Looking for ways to clean and care mouthpieces, regulators and BCDs? Read this blog till the end to find things you need to know for a cleaning and caring your scuba equipment.
Cleaning, maintaining and regularly checking your diving and snorkelling equipment will increase your equipment’s lifespan, reduce the likely hood of equipment malfunction, help prevent the build-up of mould or bacteria and reduce the chance of any transfer of disease or infections.
Look out for cleaning instructions
Many manufacturers will provide you with cleaning instruction for their specific brand of equipment and it is important you follow this recommendation.
Regulators and Mouthpieces
Here we will cover some general recommendation for cleaning and caring for your regulators, the methods used may need to be adjusted based on the equipment you have available when cleaning and disinfecting your gear.
Option one: Clean your regulators while they are connected to a Scuba cylinder and pressurised.
This method can allow longer soaking of your regulators and purging, swivelling of your regulators first and second stages whilst cleaning and is a preferred method by some manufacturers.
Once you have connected your regulators to a cylinder, we recommend using a tank with a minimum of around 40 to 50 BAR. Simply turn on your cylinder charging your regulators as you would normally for diving. You can now flush them with fresh water or soak them in fresh water or a biodegradable disinfectant gear wash.
You should also visually check for any possible leaks looking for small continuous bubbles whilst you’re cleaning. Using a soft brush like a toothbrush you can slide down any hose protectors and clean around your hose ends to prevent corrosion and build up on the hose crimps.
Option Two: Cleaning your regulators disconnected.
First make sure your dust cap/cover is in place and is dry, clean and free of any debris prior to fitting your dust cap. Once fitted you can gently rinse with fresh water or by pouring a mixture of biodegradable gear wash over your equipment. Using a soft toothbrush to clean around your hose ends and first and second stages.
Do not purge your regulators whilst they are being cleaned using this method as they are not pressurised, and you need to avoid any water entering the second stage hoses. You can still inspect your regulators, checking for any signs of cracking on hoses or small tears or splits on mouthpieces or lugs.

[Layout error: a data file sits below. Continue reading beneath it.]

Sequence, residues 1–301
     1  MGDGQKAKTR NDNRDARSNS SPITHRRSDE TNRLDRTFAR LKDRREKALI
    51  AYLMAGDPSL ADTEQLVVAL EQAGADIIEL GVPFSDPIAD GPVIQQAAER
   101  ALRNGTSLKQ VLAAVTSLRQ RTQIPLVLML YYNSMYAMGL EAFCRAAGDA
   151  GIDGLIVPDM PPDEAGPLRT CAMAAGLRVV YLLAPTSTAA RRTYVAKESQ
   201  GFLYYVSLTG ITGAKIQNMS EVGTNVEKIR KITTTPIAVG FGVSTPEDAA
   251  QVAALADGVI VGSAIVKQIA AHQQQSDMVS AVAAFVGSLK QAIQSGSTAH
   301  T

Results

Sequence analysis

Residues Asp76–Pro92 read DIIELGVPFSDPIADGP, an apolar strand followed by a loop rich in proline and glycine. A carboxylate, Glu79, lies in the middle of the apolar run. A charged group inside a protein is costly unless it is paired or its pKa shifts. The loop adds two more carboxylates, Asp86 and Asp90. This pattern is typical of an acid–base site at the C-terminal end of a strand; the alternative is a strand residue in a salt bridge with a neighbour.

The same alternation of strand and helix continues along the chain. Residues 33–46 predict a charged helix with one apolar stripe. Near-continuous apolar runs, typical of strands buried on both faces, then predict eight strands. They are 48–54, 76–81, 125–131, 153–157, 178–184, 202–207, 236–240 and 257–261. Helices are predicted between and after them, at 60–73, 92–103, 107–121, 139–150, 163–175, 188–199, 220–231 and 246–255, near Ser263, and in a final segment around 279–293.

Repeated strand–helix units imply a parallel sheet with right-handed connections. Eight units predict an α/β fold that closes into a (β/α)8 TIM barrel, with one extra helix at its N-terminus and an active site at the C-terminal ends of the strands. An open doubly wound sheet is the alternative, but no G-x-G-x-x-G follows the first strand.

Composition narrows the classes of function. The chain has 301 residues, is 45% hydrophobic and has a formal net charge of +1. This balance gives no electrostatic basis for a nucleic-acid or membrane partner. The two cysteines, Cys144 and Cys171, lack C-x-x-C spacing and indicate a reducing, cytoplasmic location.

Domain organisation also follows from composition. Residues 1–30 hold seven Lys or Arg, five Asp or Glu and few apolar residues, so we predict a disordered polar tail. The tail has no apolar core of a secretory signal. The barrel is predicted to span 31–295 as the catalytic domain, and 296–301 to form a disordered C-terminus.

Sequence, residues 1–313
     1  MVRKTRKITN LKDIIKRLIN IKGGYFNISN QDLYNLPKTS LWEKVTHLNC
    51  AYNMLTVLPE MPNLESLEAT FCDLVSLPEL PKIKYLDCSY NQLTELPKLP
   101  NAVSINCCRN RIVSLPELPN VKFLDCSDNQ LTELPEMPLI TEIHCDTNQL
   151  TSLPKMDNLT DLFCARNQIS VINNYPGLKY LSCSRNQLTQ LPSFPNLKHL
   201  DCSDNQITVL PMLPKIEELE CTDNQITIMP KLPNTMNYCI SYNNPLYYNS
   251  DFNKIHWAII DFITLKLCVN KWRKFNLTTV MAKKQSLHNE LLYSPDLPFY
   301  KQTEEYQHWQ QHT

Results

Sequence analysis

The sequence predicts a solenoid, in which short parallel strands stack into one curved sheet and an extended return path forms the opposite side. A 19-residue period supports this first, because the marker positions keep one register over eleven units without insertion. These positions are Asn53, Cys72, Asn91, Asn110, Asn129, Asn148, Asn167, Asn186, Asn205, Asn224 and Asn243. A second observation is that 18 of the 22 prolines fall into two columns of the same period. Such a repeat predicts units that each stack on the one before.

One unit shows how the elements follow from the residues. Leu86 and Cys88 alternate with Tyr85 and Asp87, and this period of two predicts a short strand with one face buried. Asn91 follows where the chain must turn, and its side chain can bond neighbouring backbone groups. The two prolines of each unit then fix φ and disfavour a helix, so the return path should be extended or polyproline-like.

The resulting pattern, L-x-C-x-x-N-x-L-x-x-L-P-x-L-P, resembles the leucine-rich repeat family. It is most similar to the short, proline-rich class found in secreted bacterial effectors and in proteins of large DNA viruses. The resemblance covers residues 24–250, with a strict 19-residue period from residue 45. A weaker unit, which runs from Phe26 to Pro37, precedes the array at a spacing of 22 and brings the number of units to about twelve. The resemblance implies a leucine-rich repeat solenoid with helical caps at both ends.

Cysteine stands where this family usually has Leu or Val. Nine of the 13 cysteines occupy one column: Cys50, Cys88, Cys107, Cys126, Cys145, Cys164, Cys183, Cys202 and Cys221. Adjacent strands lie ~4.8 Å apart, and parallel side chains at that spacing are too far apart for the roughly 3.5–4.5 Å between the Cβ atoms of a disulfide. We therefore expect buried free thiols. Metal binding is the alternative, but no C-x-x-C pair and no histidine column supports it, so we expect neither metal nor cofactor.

Whenever cleaning your equipment taking the time to look over them and checking for any wear and tear allows you to organise them to be repaired or serviced prior to your next trip. Common issues are tears or bite damage to the mouthpieces, small cuts around the zip ties close to the securing area of the mouthpiece.
Other wear, damage, or abrasions to your hoses, second stages, and things like missing exhausts can be easy to spot during the cleaning process. If you do notice any leaks, or damaged have your regulators inspected immediately to avoid any further damage. Always wash all your equipment with a final rinse of fresh water to remove any remaining gear wash and dry in a cool shady area.
Cleaning your BCD
The best method is to soak your BCD in a tub of a biodegradable disinfectant gear wash and allow a small amount to drain into or flood the internal bladder. This allows you to slosh the cleaner around and washout any salt crystals or bacteria that may be inside the bladder or hoses.
If you are unable to do this again you can make a mixture and pour the cleaner over your BCD, then by pressing your deflate button you can pour in some cleaner or fresh water into the BCD bladder. When washing pull, clean and test all dump valves allowing the water or cleaner to drain out of the dump valve.
Always flush the BCD bladder again with fresh water and drain using a BCD dump valve. It is usually best to dry in a cool, shady place and with the BCD fully inflated, this also allows you to check for any bladder leaks. Should the BCD deflate and lose pressure within 12 hours you should have your BCD inspected.
Wetsuits, boots, gloves, hoods, dive accessories and mask, snorkel & fins
We recommend again soaking everything in a good quality biodegradable disinfectant gear wash. While cleaning any items that have clips or buckles it is important to swivel and use the clips while soaking to help remove any salt or debris that may be trapped in the buckles . Zips sliders should be run up the zipper teeth opening and closing the zipper while your washing, this includes boots, bags, and wetsuits.
Some items like Zips, Knives, Torches and even cameras need special attention during and after cleaning. This may include using special lubricants recommended by the manufacturer to help prolong life and keep the item watertight. Always follow the manufacturer's recommendation when applying any lubricants to O-rings or to protect any specialised equipment materials.
After cleaning all your gear always dry your equipment in a cool, dry, shady area to avoid sun damage.